• This development trajectory has been followed by a persistent drop in agriculture’s proportion of total economic production, from 30% in 1990-91 to 18% in 2019-20, and a steady increase in non-agriculture output’s share of total economic output.

Who keeps track of India’s employment data?

  • The Decennial Population Census and the National Sample Survey Office’s countrywide quinquennial (5-yearly) surveys on employment and unemployment have been two significant sources of data on workforce and employment (NSSO).
  • The NSSO’s quinquennial surveys only give data up to 2011-12. As a result, it was superseded by the Periodic Labour Force Survey (PLFS), which began on an annual basis in 2017-18.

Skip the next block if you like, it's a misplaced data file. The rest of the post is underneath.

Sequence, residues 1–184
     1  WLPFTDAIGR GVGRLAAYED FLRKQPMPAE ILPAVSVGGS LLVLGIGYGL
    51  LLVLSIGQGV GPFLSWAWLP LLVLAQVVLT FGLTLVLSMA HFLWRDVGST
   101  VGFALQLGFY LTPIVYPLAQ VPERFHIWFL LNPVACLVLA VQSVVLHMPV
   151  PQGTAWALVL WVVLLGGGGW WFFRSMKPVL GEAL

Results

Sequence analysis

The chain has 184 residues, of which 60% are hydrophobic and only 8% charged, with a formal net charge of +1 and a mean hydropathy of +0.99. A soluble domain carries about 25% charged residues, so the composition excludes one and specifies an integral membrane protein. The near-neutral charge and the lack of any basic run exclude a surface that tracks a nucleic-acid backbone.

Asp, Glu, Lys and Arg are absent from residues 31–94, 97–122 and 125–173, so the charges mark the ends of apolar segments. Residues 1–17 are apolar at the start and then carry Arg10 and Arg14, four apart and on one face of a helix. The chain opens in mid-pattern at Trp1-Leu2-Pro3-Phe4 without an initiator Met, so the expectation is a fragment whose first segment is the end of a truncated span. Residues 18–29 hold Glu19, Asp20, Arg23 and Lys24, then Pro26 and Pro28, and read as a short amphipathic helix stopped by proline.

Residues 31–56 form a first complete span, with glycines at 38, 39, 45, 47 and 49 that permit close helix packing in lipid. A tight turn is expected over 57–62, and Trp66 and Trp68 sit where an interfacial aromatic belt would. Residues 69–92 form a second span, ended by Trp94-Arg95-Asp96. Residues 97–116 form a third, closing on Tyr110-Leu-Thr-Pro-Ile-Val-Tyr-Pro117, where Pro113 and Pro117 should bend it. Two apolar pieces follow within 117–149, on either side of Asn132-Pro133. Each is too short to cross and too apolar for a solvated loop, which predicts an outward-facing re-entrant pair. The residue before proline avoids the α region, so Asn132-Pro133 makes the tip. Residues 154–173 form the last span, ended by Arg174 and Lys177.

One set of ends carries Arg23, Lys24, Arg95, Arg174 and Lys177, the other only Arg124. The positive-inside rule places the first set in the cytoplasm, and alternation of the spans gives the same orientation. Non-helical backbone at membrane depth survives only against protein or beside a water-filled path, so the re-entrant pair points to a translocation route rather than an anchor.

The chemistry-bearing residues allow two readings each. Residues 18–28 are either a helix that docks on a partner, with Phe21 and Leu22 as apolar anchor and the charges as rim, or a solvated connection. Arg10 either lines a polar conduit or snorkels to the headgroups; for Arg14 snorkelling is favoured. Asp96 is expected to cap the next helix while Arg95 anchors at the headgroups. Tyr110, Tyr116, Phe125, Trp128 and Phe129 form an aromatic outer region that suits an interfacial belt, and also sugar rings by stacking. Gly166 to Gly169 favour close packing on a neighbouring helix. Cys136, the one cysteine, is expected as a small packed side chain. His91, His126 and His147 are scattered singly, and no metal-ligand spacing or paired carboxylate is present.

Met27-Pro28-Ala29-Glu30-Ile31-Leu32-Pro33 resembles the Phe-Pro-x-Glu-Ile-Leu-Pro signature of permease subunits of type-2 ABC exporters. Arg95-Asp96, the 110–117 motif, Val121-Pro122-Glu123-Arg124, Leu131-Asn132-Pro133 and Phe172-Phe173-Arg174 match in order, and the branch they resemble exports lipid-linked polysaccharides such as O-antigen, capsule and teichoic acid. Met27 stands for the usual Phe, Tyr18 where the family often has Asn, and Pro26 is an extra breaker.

• It gathers information on a variety of factors, including the degree of unemployment, the forms of employment and their respective shares, the earnings obtained from various sorts of occupations, the number of hours worked, and so on.

What are the Current Employment Trends?

  • The worker-to-population ratio (WPR) increased from 34.7 percent in 2017-18 to 38.2 percent in 2019-20, according to PLFS statistics.
  • This is a reversal of the previous pattern, which showed a decrease in WPR following 2004-05.
  • The shift also means that employment has grown at a far quicker rate than population growth.
  • WPR has risen in both the rural and urban populations, as well as in both the male and female populations.
  • This increase in WPR is all the more important because it coincides with an increase in the labour force participation rate.